You won't ask for a sign, so the Lord will give you one anyway. And here's the sign: "Behold, the virgin shall conceive and bear a Son, and shall call His name Immanuel."

     I've read what a number of commentaries had to say about this verse, and I am amazed at how some commentators tie themselves up in knots trying to explain it and answer everything the critics' have to say about it. But it's not really hard to interpret at all, because it is interpreted for us by the Holy Spirit in Matthew 1:22-23. This is what the angel said in to Joseph in a dream about Mary's pregnancy: "All this was done that it might be fulfilled which was spoken by the Lord through the prophet, saying: 'Behold, the virgin shall be with child, and bear a Son, and they shall call His name Immanuel,' which is translated, 'God with us.'"

     In other words, Jesus' birth is the fulfillment of the sign God gave to Ahaz through the prophet Isaiah.

     Now the first question we might ask is, "How was this any kind of sign to Ahaz?" Ahaz was long dead when the sign was fulfilled. Some interpreters have suggested that this prophecy had two fulfillments—one in Isaiah's time, and then a later, second fulfillment, with the birth of Christ. And various candidates have been suggested as the child born in Isaiah's time who might have been a partial fulfillment of this promise. Some say it was Hezekiah, Ahaz's son, who became the best and most godly of all the kings of Judah. Other's have suggested it might have been the child born to Isaiah's wife, described in Isaiah 8:3, whose name was "Maher-Shalal-Hash-Baz."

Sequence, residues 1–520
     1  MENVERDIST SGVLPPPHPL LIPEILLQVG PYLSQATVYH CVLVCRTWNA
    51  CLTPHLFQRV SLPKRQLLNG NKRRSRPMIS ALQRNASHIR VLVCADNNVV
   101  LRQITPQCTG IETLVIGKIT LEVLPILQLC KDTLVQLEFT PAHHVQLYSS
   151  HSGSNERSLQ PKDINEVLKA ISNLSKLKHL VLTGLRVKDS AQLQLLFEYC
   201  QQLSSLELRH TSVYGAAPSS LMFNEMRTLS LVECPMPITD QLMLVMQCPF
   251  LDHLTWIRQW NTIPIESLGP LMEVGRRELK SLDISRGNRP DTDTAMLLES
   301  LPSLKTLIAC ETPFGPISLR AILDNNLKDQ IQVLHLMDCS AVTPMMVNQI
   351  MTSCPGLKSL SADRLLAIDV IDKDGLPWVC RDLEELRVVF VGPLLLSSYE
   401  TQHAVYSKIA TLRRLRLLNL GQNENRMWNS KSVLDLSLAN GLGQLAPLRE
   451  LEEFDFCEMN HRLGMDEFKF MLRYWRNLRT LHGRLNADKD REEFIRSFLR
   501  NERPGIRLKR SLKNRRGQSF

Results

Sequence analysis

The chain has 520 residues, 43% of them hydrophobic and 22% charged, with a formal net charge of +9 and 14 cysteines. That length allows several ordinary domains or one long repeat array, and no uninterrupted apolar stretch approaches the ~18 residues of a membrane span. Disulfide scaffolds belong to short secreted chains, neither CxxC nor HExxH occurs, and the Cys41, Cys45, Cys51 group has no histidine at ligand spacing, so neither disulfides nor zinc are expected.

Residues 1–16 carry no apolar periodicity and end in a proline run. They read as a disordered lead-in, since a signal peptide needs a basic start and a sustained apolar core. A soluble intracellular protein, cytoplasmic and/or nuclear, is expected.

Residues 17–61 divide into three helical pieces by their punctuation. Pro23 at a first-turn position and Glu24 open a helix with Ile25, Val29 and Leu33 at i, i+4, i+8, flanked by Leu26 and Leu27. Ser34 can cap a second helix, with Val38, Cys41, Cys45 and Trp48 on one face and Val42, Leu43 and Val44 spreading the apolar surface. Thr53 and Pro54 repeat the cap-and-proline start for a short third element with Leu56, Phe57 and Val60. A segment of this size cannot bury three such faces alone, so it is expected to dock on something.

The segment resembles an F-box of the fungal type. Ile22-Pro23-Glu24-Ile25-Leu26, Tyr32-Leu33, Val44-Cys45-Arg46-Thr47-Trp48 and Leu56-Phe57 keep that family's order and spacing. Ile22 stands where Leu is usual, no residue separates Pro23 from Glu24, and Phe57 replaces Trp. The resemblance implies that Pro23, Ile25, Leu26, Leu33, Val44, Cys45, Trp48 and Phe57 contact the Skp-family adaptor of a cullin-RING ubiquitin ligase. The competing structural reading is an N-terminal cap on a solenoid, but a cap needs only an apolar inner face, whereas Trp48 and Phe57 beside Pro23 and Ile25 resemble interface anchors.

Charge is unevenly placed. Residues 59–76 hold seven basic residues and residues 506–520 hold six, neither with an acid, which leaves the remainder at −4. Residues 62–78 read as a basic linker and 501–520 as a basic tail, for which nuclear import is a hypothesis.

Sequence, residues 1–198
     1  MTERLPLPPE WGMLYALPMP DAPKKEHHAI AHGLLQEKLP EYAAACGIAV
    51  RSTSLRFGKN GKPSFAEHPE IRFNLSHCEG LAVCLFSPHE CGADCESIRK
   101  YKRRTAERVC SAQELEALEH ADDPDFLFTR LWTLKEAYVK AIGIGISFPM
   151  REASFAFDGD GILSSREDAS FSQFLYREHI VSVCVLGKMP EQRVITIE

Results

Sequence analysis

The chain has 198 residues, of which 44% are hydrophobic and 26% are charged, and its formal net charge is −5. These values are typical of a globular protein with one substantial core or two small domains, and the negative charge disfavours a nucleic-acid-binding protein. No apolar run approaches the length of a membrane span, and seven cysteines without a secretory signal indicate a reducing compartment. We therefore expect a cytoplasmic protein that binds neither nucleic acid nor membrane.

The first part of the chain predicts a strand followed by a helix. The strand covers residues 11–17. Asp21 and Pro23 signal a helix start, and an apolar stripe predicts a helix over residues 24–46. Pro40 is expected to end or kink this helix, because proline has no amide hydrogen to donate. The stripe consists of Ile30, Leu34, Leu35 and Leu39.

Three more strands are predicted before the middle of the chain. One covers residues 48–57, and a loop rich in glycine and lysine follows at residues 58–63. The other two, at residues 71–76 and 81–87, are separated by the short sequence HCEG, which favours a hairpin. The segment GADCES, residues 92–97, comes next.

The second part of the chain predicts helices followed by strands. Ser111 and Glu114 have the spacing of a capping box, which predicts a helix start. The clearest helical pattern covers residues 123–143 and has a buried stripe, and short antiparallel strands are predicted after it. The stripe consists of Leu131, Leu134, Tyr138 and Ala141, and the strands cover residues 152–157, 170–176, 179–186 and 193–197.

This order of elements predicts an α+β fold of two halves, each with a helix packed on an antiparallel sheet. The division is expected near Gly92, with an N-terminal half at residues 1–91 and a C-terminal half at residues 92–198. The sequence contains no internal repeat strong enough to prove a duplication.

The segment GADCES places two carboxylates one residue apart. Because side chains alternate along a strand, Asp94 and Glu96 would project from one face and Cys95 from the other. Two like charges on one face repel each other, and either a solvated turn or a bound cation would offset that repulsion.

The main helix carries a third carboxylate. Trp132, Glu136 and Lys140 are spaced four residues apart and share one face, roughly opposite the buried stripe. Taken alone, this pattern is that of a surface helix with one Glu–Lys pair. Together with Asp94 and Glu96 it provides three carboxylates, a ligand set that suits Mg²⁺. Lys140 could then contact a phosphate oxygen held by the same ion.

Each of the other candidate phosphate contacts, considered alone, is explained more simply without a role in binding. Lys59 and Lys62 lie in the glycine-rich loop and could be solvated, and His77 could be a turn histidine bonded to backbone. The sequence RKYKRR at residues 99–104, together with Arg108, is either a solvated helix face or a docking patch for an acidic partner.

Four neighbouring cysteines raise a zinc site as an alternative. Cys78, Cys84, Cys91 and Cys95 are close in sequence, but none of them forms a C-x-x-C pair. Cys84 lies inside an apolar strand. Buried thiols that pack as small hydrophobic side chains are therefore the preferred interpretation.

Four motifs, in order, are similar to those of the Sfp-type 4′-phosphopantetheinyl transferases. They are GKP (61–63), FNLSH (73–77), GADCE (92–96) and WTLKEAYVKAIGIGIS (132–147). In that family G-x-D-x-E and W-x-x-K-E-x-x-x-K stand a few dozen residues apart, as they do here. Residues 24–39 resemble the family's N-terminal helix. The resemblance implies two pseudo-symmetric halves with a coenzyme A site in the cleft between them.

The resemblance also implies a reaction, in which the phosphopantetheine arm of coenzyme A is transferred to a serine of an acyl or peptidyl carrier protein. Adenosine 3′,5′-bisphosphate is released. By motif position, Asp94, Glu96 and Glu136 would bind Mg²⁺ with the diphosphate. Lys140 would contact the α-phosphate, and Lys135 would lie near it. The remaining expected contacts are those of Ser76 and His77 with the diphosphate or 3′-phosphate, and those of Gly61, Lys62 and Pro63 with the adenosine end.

Some commentators make a great deal out of the word translated "virgin." It is the Hebrew word almah, which speaks of a young woman of marriageable age, like the English word maiden. They point out that there is a more specific Hebrew word for "virgin," bethulah, and if Isaiah wanted to avoid all ambiguity, he might have used that word. So, they argue, it is not clear from the context that this is a reference to the virgin birth of Jesus.

     Let me reply to all those arguments: First of all, with regard to the word "virgin." The Hebrew word almah is used 7 times in the Old Testament, and it is always used to refer to young women who are in fact unmarried—virgins. Second, that meaning was so well established that when the Hebrew Old Testament was translated into Greek by Jewish scholars in Alexandria, Egypt, about a hundred years before the birth of Christ, this word was translated into the Greek word parthenos, which can only mean virgin. So that is clearly how Jewish interpreters understood this term before the prophecy was fulfilled by birth of Christ.

     Second, could this prophecy have had two fulfillments? I don't think so. I think this was a prophecy about the coming Messiah, and that's it. Hezekiah was born before this prophecy was delivered, so his birth could not have been a fulfillment of the sign. Besides that, he wasn't born of a virgin, and neither was Isaiah's son.

     So how was this a sign to Ahaz? Remember that the Lord had asked Ahaz to choose whatever sign he wanted, and Ahaz sinfully declined. But Ahaz refused God's gracious promise, and spurned His gracious warning. Then Ahaz also turned his nose up at God's gracious offer of a sign. So God gave him a different kind of sign. Instead of being an immediate miraculous omen of things to come for Ahaz's benefit alone, God gave Him a long-range prophecy that would become a sign for future generations. In effect, God made it a sign against Ahaz, and an omen for future generations in Israel. Ahaz would never personally see the fulfillment of the sign. But it was still a token of God's faithfulness in fulfilling His covenant with David. The Lord would graciously perpetuate David's line, in spite of the evil kings like Ahaz. And that line would eventually produce the virgin-born Messiah.